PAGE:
Despite growing pleas from climate change activists, the Democratic Republic of Congo says it is moving forward with its plans to auction off a vast majority of oil and gas drilling blocks located in the country’s rainforest and peatland.
In a statement, the Ministry of Hydrocarbon said 27 oil and 3 gas blocks would be auctioned, an increase from the 16 blocks the country initially committed to in May.
The blocks include areas that reach into Virunga National Park, a sanctuary for endangered mountain gorillas in eastern Congo.
Didier Budimbu, the country’s Hydrocarbons minister said Tuesday the oil exploitation would benefit the Congolese population.
“The president, Felix Tshisekedi, has a vision and he wants to get his population out of poverty,” Budimbu said during a press conference.
The DRC has more than 27 million people, including over 3 million children, who do not have enough food to feed themselves – a third of the country’s population – and more than 5 million people who are internally displaced, according to Norwegian Refugee Council.
A petition signed by more than 100,000 people is calling on President Felix Tshisekedi of the Democratic Republic of Congo to end the development of new oil and gas fields in the country, according to a news release from Greenpeace USA.
“Only six months after signing a $500 million forest protection deal at the COP26, the Congolese government is declaring war against our planet with oil and gas,” said Irene Wabiwa Betoko, International Project Leader for the Congo Basin forest, Greenpeace Africa. “The immediate price will be paid by Congolese communities, who are not aware of the auction, have not been consulted or informed of the risks to their health and livelihoods. Many of them will rise up against it – and we shall stand with them.”
Budimbu pushed back on auction critics stating that non-governmental organizations cannot dictate how a sovereign country is led.
The option we took is to give to those from the poorest backgrounds to try and improve their lives through their economy so 100,000 signatures is fine but there are Congolese who need to eat,” Budimbu said.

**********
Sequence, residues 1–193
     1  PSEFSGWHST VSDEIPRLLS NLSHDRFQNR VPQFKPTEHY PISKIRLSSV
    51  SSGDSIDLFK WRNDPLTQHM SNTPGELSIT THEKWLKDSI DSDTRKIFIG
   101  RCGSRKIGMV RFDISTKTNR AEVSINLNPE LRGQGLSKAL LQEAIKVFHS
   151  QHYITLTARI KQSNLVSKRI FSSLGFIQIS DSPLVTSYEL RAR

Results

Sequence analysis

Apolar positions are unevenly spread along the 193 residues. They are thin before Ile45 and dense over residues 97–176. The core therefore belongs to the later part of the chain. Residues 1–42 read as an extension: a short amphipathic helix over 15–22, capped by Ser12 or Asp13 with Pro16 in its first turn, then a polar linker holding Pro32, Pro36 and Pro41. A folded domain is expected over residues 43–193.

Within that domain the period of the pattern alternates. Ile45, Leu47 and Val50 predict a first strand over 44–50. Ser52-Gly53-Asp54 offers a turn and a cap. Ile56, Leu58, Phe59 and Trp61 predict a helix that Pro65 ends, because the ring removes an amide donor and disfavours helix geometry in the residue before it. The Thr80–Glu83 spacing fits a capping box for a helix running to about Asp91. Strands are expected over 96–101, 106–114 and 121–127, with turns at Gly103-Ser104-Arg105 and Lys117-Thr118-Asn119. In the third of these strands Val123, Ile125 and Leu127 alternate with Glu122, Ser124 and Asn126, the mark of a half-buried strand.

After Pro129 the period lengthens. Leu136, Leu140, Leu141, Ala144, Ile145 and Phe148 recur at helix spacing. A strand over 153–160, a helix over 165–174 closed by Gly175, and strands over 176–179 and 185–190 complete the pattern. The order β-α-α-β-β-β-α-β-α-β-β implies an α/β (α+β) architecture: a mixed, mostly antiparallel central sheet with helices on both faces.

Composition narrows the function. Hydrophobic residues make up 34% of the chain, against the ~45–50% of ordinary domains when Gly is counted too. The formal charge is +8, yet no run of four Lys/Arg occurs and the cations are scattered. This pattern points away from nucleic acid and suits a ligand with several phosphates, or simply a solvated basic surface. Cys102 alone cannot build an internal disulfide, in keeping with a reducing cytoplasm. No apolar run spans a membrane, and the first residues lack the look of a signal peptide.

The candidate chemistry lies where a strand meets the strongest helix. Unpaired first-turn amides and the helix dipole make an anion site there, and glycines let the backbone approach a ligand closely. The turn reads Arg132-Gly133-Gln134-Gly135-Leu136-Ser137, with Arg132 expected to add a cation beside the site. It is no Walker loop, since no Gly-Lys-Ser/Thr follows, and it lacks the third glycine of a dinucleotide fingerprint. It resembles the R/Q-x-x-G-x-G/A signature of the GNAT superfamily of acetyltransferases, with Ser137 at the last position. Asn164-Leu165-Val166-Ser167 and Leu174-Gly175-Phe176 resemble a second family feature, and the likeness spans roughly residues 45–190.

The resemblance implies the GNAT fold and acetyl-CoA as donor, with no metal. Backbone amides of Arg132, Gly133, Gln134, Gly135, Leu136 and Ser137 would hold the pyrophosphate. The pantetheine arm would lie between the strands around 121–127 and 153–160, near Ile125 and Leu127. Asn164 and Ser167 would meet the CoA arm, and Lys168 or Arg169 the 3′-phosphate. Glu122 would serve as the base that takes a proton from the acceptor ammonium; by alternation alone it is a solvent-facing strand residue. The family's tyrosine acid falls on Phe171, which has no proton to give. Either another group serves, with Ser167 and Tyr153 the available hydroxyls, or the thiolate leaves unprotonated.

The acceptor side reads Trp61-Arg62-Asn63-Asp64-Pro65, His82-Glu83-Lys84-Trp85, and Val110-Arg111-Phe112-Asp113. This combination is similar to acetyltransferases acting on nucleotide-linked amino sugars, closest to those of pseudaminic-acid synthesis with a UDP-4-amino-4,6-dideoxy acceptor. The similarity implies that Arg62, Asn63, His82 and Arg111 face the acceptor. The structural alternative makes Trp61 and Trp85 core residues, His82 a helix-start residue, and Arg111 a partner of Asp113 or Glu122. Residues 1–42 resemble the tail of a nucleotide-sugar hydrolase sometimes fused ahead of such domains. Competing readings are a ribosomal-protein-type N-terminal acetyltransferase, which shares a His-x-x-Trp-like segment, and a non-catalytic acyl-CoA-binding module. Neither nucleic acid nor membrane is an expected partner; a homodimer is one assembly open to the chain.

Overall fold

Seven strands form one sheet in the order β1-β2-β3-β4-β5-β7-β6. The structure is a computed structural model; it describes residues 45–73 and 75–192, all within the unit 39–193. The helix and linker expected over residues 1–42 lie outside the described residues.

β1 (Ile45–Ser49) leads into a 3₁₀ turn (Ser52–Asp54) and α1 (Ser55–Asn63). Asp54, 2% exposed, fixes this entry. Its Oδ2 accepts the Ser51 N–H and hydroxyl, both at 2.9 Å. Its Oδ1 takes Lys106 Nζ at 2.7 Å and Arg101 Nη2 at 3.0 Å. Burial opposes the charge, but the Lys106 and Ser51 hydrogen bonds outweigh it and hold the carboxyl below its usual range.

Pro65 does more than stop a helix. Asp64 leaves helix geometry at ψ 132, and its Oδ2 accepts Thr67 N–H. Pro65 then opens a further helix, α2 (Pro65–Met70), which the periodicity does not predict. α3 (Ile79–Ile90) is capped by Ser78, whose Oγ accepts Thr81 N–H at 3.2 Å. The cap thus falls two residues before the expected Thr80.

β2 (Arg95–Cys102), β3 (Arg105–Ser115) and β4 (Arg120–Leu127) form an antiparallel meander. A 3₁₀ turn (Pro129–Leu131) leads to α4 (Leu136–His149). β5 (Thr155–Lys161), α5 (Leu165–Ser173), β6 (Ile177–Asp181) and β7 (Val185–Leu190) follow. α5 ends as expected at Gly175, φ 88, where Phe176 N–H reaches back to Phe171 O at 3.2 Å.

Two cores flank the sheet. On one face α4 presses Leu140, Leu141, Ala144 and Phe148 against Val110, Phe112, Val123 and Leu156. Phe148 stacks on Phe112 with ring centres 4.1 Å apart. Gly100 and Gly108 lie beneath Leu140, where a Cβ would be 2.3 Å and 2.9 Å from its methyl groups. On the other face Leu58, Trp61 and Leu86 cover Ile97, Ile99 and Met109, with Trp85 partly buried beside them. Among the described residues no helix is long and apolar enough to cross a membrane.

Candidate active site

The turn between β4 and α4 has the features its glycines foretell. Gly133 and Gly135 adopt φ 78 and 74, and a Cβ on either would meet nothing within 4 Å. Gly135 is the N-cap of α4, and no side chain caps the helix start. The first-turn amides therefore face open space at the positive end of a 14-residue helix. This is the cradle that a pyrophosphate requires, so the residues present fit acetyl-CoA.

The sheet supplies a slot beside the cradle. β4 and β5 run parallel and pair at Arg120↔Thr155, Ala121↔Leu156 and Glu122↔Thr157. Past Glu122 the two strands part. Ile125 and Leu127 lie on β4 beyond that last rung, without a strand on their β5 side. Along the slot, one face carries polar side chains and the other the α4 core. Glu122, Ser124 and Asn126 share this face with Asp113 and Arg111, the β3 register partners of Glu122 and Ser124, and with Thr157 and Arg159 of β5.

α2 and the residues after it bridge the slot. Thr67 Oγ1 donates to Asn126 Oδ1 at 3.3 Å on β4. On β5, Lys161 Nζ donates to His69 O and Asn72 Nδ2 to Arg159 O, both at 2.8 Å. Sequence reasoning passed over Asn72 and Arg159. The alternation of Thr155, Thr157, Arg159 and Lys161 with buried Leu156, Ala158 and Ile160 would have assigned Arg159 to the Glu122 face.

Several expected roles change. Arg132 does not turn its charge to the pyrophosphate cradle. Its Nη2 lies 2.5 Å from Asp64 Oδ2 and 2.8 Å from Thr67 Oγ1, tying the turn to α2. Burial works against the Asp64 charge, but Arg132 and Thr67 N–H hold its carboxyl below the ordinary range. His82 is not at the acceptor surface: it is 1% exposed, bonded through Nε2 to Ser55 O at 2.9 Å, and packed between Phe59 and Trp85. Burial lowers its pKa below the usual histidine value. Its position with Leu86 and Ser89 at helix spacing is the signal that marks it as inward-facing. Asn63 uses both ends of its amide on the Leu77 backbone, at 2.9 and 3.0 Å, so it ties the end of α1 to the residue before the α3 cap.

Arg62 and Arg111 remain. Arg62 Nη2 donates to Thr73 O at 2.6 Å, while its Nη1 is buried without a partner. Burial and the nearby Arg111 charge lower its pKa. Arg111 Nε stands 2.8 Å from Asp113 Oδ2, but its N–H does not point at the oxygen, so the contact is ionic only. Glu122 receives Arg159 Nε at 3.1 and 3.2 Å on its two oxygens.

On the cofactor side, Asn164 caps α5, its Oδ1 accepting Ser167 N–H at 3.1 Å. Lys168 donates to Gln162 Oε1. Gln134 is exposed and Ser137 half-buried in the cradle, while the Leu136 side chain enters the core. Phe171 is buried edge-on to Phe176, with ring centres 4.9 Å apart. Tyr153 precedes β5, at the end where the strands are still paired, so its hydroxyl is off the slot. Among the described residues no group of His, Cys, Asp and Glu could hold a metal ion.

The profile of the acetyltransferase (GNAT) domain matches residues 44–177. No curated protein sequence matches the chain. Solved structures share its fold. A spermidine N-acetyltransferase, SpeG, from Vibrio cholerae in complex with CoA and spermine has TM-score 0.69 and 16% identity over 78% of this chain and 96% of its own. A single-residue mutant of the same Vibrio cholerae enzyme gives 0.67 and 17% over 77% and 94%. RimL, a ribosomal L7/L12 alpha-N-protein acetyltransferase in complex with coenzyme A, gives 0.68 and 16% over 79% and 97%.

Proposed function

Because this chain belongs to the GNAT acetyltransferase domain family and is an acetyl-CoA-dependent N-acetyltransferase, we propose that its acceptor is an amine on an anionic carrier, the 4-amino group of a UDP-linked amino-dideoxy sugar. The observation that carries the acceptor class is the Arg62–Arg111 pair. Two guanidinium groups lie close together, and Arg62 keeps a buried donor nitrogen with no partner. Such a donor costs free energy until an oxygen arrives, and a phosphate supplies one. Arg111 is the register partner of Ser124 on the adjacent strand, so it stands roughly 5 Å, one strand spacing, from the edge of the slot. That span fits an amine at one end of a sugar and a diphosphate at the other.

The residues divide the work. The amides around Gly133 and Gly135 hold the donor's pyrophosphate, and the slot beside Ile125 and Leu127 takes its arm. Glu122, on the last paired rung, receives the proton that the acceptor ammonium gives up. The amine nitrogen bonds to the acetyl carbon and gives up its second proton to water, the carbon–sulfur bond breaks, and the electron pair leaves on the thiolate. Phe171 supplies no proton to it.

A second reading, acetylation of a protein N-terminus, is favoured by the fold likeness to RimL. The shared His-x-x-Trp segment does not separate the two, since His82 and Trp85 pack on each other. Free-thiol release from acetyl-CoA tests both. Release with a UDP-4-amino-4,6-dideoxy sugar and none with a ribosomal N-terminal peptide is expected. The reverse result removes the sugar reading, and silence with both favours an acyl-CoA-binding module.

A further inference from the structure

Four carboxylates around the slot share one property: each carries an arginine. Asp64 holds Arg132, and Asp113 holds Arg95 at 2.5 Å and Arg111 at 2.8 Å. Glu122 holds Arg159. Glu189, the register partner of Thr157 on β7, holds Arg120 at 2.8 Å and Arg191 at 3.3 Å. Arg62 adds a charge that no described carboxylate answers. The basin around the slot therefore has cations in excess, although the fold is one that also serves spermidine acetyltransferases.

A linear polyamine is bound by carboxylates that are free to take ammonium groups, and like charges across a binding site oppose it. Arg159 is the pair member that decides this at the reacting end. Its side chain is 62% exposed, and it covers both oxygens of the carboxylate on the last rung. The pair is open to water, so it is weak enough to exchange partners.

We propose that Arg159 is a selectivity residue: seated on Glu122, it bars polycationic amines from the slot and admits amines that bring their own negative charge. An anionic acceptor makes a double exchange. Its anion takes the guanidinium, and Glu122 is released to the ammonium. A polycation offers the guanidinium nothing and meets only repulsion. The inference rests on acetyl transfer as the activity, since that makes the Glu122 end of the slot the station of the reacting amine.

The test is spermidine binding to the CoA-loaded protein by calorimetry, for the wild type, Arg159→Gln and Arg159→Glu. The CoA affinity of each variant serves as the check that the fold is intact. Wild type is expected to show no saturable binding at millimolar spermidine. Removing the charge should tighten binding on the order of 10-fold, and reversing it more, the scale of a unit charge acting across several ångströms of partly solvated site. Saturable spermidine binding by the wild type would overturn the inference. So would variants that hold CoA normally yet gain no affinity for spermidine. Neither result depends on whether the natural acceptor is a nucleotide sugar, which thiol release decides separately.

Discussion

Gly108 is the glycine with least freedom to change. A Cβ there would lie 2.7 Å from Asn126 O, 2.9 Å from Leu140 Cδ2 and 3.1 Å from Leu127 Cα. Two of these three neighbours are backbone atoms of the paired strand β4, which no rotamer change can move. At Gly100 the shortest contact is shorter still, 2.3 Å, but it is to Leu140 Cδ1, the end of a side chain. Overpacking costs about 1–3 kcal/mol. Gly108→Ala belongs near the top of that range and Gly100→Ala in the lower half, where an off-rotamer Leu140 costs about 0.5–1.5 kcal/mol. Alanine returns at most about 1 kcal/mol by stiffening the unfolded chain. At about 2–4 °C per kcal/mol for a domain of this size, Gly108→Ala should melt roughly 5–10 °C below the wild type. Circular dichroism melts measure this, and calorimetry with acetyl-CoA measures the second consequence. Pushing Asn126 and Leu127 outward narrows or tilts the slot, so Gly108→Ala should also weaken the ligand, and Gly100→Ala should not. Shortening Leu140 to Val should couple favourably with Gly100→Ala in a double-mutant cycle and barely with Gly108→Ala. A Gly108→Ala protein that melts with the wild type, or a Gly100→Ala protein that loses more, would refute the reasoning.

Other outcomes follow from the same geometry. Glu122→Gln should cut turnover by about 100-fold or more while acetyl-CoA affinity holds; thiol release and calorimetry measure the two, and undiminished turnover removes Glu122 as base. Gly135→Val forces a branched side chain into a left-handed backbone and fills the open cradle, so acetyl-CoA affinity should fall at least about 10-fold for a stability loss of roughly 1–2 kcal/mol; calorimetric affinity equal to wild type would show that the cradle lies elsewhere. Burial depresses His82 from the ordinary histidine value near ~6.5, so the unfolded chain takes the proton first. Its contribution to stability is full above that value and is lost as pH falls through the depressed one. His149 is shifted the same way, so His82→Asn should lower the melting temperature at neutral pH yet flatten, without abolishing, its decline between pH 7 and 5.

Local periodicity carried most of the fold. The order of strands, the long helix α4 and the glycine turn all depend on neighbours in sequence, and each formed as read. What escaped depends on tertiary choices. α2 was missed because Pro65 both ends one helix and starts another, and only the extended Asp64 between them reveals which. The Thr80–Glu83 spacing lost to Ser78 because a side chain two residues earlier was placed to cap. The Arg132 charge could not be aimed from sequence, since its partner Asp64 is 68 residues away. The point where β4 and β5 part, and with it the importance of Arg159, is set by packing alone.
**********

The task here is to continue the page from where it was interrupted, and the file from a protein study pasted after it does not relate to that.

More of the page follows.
The hydrocarbon ministry said it’s open to local and international bids.
“Whether you are oil or gas operators, potential investors or members of the government, operating nationally or internationally, you are welcome!” the ministry said in a tweet.
According to Greenpeace, only “small and medium-sized companies” are likely to take part in the auction.
“We suspect it might turn out to be small, medium-sized, and less known companies that will do the exploration…and if there’s huge potential, maybe the big oil companies will jump in,” Greenpeace International Communications Coordinator Tal Harris told CNN.
The auction is set to take place on the 28th and 29th of July.
Africa’s oldest national park
Virunga National Park sits on the forest-covered volcanoes of central Africa and is home to over half the global population of mountain gorillas.
The Virunga National Park is a UNESCO World Heritage site and is Africa’s oldest park and most biologically diverse protected area.
It is made up of carbon-rich peatland and primary forest, which when logged, release enormous amounts of carbon-dioxide (CO2) into the atmosphere, contributing to the climate crisis. Deforestation also removes an important “sponge” to soak up CO2 from the atmosphere.
The expansion of oil drilling permits is one of a growing number of examples of a ramping-up of fossil fuel exploration and use amid the global energy crisis.
CNN’s Angela Dewan and Nimi Princewill contributed to this report.